By Daniel Cann
Great to see Birmingham based Irish middleweight Matthew Macklin put up such a bold and defiant effort in the lions den of Cologne at the weekend. He was facing local fighter and the WBA world champion Felix Sturm. As the media were quick to point out before the contest Sturm boasted a career that included narrowly and controversially losing on points to Oscar De La Hoya in 2004, winning versions of the world middleweight title three times and having no less than fifteen world title fights on his CV. The only blemishes on Sturm’s impressive 38-fight record were the loss to De La Hoya, a stoppage loss to Javier Castillejo (which Sturm later avenged to regain the WBA title) and a draw with Randy Griffin.
It was widely expected that Sturm would win (some pundits believing quite handily) and that Macklin would really be under pressure fighting in front of Sturm’s partisan home crowd. In the event the former British and European (EBU) champion acquitted himself extremely well, giving Sturm a real shock in the early rounds and pushing the favoured champion all the way in losing a close split twelve round decision.
Two judges scored it for Sturm 116 – 112 and the other had it for Macklin 115 – 113. It all depended on whether you favoured Macklin’s early aggression and workrate in the first half of the contest or Sturm’s better work in the second half when the Birmingham boxer seemed to fade. Macklin was briefly stunned in the tenth and badly shaken in the last round. Did you go for the body punching and all out aggression of the challenger or the stiff jab and hurtful uppercuts of the champion?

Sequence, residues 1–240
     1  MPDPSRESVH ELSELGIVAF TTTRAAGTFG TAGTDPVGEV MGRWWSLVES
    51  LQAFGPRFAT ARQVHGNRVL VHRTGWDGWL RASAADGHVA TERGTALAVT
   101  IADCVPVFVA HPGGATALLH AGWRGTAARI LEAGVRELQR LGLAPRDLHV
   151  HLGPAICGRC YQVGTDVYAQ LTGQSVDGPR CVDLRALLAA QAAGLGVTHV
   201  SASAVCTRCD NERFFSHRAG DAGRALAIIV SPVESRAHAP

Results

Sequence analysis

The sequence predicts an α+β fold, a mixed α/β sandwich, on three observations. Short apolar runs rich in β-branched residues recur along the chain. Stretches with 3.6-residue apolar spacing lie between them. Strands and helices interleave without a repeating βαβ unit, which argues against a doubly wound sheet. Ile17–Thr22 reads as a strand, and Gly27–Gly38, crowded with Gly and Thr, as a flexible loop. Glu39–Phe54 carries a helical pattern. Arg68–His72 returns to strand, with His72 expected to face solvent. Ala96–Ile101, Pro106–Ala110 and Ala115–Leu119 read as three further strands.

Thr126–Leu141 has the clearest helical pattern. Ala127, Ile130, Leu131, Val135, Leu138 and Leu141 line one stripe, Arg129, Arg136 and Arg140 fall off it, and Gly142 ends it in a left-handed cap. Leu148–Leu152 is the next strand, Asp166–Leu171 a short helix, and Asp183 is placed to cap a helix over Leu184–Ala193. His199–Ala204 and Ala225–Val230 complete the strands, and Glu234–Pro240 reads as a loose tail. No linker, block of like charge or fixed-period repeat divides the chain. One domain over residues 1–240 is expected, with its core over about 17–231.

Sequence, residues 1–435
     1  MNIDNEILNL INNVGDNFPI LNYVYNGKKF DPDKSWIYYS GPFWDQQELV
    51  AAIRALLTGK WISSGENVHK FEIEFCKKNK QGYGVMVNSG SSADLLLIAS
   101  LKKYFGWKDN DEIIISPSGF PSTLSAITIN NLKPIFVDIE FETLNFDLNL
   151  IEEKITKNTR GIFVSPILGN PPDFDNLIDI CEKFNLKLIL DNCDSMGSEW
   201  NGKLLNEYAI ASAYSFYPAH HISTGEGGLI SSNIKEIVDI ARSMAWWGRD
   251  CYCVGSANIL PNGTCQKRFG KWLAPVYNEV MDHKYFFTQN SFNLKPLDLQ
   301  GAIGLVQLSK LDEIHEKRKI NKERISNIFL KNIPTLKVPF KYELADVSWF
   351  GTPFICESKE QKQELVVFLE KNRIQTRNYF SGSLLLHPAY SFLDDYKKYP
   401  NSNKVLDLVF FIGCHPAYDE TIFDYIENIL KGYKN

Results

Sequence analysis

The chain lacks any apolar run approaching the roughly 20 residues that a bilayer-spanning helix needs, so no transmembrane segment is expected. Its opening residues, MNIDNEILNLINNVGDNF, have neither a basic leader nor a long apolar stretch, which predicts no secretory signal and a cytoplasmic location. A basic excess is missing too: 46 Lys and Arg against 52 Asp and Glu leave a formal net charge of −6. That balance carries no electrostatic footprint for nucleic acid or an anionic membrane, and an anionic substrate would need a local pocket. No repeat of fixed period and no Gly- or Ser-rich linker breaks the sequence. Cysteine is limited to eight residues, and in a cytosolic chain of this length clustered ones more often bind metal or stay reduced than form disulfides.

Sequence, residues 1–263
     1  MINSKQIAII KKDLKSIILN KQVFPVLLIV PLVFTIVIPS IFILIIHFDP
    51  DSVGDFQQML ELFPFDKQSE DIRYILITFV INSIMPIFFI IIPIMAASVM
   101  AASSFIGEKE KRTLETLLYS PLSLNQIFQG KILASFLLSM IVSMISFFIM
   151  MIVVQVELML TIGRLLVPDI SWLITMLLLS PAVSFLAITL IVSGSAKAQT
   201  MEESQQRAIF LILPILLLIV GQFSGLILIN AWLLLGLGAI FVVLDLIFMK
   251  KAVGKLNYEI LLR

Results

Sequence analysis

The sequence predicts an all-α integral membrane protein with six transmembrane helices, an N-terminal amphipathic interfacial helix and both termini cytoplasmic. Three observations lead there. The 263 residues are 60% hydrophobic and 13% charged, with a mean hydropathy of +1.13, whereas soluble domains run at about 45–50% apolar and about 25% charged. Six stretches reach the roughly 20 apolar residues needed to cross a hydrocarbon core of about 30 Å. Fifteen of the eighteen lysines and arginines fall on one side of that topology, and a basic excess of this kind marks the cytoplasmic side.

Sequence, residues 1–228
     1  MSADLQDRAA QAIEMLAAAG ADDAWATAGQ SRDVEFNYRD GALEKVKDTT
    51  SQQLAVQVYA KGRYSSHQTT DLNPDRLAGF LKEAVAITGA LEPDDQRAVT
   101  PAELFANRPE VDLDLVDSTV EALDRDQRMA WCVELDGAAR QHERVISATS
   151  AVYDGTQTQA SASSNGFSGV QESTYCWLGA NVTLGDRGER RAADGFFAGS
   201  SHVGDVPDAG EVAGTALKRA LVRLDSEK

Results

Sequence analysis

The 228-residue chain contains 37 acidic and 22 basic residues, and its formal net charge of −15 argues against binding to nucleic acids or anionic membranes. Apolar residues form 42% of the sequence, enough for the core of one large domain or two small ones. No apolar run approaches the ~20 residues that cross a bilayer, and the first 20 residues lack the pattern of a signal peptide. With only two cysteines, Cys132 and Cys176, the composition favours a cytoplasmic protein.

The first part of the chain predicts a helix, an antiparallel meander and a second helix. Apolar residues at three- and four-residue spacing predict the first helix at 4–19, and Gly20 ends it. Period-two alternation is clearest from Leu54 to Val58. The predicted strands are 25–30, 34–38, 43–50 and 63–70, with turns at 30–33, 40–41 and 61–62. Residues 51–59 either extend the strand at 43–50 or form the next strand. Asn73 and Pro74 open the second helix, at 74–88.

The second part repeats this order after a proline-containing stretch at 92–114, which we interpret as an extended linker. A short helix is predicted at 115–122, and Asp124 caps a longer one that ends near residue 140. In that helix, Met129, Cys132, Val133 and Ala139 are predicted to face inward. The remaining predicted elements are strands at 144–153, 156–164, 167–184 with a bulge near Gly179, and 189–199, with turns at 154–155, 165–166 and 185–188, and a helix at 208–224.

It was very close and both men felt they had done enough to claim victory. Afterwards Macklin said ‘I should be champion. I believe I was the better fighter,’ before sportingly adding ‘but it is not Felix’s fault he wasn’t a judge.’
Sturm said ‘It was not a wrong decision,’ but conceded ‘it was close.’
The decision has divided opinion and depending on which fighter you supported you either felt hard done by or vindicated by the scoring. The good news for Macklin is that Sturm immediately said ‘We will definitely have another fight, we have already agreed it.’
If that is the case then that is the best Macklin could have hoped for. Sturm obviously feels he needs to clear things up by winning convincingly in a rematch. At least next time Macklin will know exactly what he is up against and what to expect. So too will the exceptional champion Sturm, but at least a rematch can settle all arguments whilst providing Macklin with a second chance at world glory.
Providing the rematch is held on neutral ground then Macklin stands a great chance at reversing this loss. If he hadn’t faded in the last half of the fight there would have been no arguments. The crowd and the atmosphere in Cologne was fantastic yet you feel that no matter how impartial or neutral the official, noise must effect the perception of a contest. For example a crowd can roar wildly even for a missed punch by a home fighter but when the visiting fighter provides decent work this can be met with muted silence. Obviously judges have eyes! But watch a boxing match on television with the sound off and you can often see a different fight to the one you are watching with the commentary on and the crowd cheering.
Anyway, it is no point dwelling on the what if’s. Should Sturm honour his promise of a rematch then Macklin’s dream of a world title is still alive. In fact should domestic rival Darren Barker cause an upset and win the WBC version of the world title when he challenges Argentina’s Sergio Martinez in October, then we could still see an all British world title fight next year (even a unification).
The main thing is that world middleweight boxing is exciting again and with champions like Sturm and Martinez and challengers like Macklin and Barker we can expect plenty of fireworks to come.